General Motors Company has issued a position statement for the collision repair industry directing technicians to scan damaged vehicles for diagnostic trouble codes (DTCs) both before and after repairs.
GM’s goal is to ensure that all necessary repairs are diagnosed during the estimate process, and that vehicles are returned to customers in pre-crash condition. Testing is especially critical when safety systems are impacted.
“Even minor body damage or glass replacement may result in damage to one or more safety-related systems on the vehicle,” said John Eck, collision manager, GM Customer Care and Aftersales. “Any action that results in loss of battery-supplied voltage and disconnection of electrical circuits requires that the vehicle be tested post-repair to ensure proper electrical function.”
Many safety and security-related components, sensors and Electronic Control Units (ECUs) require calibration and/or “learns” when replaced, Eck stresses. These systems must be repaired according to the corresponding GM repair procedures.
“Technicians who follow proper pre- and post-repair scanning procedures have an edge when it comes to customer satisfaction because dashboard lights can’t tell you everything that’s going on with a vehicle’s electronics,” Eck said. “With pre- and post-scans, techs will start with the right diagnosis and right parts out of the gate, they’ll reduce repair cycle times and they should see fewer follow-up visits. More importantly, the scans will help ensure tthat the vehicle and its safety systems are returned to their pre-crash conditions.”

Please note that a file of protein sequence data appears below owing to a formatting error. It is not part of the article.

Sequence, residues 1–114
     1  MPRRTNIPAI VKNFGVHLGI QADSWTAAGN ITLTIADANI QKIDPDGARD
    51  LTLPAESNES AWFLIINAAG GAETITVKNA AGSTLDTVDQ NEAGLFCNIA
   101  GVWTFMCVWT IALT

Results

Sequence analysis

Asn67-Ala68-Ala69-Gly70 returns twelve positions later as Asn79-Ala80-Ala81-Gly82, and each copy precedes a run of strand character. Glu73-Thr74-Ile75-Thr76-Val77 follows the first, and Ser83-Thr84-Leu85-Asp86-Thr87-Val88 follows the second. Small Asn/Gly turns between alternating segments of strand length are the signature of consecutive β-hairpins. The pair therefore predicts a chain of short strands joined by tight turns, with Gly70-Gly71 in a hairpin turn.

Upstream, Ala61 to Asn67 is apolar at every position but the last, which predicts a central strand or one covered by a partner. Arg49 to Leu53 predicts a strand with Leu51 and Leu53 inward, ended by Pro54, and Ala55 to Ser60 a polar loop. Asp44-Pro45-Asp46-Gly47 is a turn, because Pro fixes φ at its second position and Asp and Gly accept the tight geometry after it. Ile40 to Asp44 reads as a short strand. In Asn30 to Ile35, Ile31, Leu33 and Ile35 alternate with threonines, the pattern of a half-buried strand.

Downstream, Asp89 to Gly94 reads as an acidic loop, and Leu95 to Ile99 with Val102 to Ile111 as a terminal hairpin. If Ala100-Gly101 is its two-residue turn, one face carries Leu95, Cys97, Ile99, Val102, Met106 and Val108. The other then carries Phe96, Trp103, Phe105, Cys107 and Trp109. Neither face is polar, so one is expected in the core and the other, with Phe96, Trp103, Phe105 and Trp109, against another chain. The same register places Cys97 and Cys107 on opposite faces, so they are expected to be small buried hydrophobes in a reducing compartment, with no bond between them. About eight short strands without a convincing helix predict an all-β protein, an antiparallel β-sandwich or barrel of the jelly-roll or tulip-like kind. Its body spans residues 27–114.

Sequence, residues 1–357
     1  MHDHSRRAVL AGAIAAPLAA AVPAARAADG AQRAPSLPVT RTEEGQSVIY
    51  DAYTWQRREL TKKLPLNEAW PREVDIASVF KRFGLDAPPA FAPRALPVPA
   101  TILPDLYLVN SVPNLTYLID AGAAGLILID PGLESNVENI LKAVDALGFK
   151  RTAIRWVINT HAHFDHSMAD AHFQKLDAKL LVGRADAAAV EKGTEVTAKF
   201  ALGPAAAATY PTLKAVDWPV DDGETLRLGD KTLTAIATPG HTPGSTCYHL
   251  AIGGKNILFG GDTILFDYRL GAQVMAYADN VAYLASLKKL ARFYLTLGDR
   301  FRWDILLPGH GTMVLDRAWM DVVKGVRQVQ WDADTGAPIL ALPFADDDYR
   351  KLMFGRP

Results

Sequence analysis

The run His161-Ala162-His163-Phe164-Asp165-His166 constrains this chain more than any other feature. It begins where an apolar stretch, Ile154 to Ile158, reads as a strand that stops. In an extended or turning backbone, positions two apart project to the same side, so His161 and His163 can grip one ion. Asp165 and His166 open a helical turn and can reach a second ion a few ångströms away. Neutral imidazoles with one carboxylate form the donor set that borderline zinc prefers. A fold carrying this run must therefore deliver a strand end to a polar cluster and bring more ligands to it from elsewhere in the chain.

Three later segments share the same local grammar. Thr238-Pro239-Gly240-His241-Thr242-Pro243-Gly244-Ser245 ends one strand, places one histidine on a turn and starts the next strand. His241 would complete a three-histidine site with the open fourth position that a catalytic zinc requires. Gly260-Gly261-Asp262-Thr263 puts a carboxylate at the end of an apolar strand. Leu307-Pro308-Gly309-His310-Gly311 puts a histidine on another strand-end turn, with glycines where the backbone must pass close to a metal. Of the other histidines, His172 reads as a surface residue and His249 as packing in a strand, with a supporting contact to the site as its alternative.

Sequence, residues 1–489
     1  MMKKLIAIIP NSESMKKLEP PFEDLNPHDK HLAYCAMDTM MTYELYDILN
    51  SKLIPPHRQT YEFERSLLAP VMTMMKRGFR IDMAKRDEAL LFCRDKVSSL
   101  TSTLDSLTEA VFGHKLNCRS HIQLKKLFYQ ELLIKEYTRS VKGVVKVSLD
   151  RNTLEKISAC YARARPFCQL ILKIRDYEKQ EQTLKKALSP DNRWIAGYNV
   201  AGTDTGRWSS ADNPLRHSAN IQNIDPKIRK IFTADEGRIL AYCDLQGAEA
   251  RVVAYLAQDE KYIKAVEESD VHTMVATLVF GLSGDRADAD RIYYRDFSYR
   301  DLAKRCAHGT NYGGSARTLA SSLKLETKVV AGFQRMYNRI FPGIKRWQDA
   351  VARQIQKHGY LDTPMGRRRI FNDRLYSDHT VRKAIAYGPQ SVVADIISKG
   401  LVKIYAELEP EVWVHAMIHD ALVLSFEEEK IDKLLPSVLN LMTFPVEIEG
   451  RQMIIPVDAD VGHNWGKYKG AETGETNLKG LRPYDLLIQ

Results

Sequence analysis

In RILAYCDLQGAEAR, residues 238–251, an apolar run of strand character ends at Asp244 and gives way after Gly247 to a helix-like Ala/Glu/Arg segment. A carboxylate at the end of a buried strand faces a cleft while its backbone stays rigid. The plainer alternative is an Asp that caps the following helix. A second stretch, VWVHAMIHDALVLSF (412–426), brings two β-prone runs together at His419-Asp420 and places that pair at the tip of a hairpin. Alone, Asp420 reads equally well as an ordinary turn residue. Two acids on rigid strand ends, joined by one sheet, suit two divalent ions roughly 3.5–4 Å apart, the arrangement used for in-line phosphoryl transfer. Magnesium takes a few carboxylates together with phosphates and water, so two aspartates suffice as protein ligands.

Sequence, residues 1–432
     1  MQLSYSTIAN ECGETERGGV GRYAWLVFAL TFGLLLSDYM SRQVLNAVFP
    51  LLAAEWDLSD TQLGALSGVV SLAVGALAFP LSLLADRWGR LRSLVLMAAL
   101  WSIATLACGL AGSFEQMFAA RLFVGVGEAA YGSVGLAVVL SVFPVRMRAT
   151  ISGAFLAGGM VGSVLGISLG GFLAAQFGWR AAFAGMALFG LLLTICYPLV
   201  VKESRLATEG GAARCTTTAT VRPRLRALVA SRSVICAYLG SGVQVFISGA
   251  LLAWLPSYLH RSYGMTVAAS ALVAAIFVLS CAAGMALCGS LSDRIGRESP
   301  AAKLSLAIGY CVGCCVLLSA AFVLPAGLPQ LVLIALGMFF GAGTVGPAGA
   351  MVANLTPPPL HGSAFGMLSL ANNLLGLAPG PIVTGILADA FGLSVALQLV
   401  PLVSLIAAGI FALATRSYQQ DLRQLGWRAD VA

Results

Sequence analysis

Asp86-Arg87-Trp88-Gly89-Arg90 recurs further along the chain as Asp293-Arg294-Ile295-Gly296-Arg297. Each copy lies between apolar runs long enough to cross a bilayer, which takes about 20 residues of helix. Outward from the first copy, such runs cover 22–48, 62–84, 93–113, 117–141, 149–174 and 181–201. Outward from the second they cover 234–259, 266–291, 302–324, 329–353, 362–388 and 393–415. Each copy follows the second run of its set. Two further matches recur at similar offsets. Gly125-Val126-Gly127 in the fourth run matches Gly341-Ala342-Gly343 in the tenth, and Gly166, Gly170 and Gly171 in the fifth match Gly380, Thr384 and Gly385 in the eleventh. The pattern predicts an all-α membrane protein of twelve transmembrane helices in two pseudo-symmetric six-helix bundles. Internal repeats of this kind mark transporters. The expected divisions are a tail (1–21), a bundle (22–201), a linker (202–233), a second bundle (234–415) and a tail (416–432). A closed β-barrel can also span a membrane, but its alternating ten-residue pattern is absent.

All of GM’s position statements can be downloaded at http://www.genuinegmparts.com/for-professionals/position-statements.
GM diagnostic tool information and purchases can be made at http://gmtoolsandequipment.com.
Subscription options for GM diagnostic software and more information on GM diagnostic tools can be found at http://www.acdelcotechconnect.com/shop-program/psc-program/tis2web/.